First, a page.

Login
Username:

Password:

Remember me



Lost Password?

Register now!
Socialize
 

Recent Topics

Browsing this Thread:   1 Anonymous Users



« 1 2 (3) 4 5 6 7 »


Re: Soke's Diet
Cant Stay Offline
Joined:
2003/8/1 23:57
From Hamina, Finland
Group:
村民 :: Villager
議長 :: Mod
師導士会 :: Shidoshikai
Posts: 1682
Offline
Quote:

Boggs wrote:
Depends on where the "wild" is. Here on Lake Lanier they advise you not to eat any bass beyond a certain size, and in certain sizes you are not supposed to eat it more than twice a month. The reason stated is that these predator fish build up toxins from the hordes of baitfish they consume (not to mention frogs and rats). Eating them farm raised the only toxins they are exposed to is from the pellets they eat and the filtered water they are living in. Now I know that there were a thing years ago about salmon being fed pellets that were above a certain level in a chemical, but that is all I've personally ever read against farm raised.


This is a good point - the proper diet indeed might vary from region to region, thus eating like in place A might be bad for you in place B.

Hey, that reminds me of the Kata-training, the rote movement and that stuff from another thread....

Posted on: 2008/4/30 6:31
_________________
Ari Julku
Shidōshi
Bujinkan Ōari Dōjō
(Bujinkan Budōka since 1985)
Transfer the post to other applications Transfer


Re: Soke's Diet
Honorary Villager
Joined:
2004/12/4 14:21
From Chattanooga Tennessee
Group:
村民 :: Villager
Posts: 42
Offline
Randy Sessions was one of my favorite teachers at B.A.D. as he was so painful. Pain is a great teacher but few want to attend its classes. Thom Humphreys is always telling me this.

Anyway, about the fish, its the same way here in Chattanooga. Catfish should be off the menu and other fish I think is two meals a month. 'round these parts, farm raised is best or farm ponds. When I do eat meat, I try to make it venison which I kill myself, no growth hormones. Also no fat exists in deer within the muscle as they store their fat on the outside.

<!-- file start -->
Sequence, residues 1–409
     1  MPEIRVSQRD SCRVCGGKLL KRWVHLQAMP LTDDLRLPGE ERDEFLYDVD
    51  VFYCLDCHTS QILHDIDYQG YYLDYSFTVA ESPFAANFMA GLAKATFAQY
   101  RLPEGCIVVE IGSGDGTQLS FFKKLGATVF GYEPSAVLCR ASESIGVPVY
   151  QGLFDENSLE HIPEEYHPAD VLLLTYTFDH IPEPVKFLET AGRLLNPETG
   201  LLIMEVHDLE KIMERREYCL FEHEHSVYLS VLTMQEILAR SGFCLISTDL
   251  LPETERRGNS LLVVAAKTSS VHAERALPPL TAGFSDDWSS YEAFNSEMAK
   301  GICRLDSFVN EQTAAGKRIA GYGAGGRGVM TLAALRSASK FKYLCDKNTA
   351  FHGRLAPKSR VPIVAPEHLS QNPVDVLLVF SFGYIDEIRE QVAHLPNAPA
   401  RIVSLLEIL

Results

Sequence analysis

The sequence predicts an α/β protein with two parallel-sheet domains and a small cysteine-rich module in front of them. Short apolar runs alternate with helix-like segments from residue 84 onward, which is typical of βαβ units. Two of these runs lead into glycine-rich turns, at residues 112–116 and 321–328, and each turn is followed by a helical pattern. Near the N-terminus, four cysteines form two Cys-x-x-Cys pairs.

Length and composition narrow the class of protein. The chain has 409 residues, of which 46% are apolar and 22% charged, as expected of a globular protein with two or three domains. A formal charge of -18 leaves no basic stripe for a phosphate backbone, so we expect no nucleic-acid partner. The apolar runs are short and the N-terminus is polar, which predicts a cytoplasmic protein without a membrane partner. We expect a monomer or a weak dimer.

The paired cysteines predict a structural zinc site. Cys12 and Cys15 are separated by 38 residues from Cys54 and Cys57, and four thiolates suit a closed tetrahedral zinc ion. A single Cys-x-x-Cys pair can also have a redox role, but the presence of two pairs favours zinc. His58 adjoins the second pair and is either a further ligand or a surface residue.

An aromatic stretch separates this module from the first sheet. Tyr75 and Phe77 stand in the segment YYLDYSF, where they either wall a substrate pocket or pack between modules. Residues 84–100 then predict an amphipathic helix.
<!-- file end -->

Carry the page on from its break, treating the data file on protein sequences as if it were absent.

Didnt want to start a flame war. Things I write about are based on my own experiences and I welcome correction and new knowledge always.

Posted on: 2008/4/30 9:43
_________________
Christopher Sanders
Chattanooga TN USA
________________________________

Like a mule eatin' Briars. :)
Transfer the post to other applications Transfer


Re: Soke's Diet
Deleted_
Quote:

Taifuugan wrote:
Randy Sessions was one of my favorite teachers at B.A.D. as he was so painful. Pain is a great teacher but few want to attend its classes. Thom Humphreys is always telling me this.

Anyway, about the fish, its the same way here in Chattanooga. Catfish should be off the menu and other fish I think is two meals a month. 'round these parts, farm raised is best or farm ponds. When I do eat meat, I try to make it venison which I kill myself, no growth hormones. Also no fat exists in deer within the muscle as they store their fat on the outside.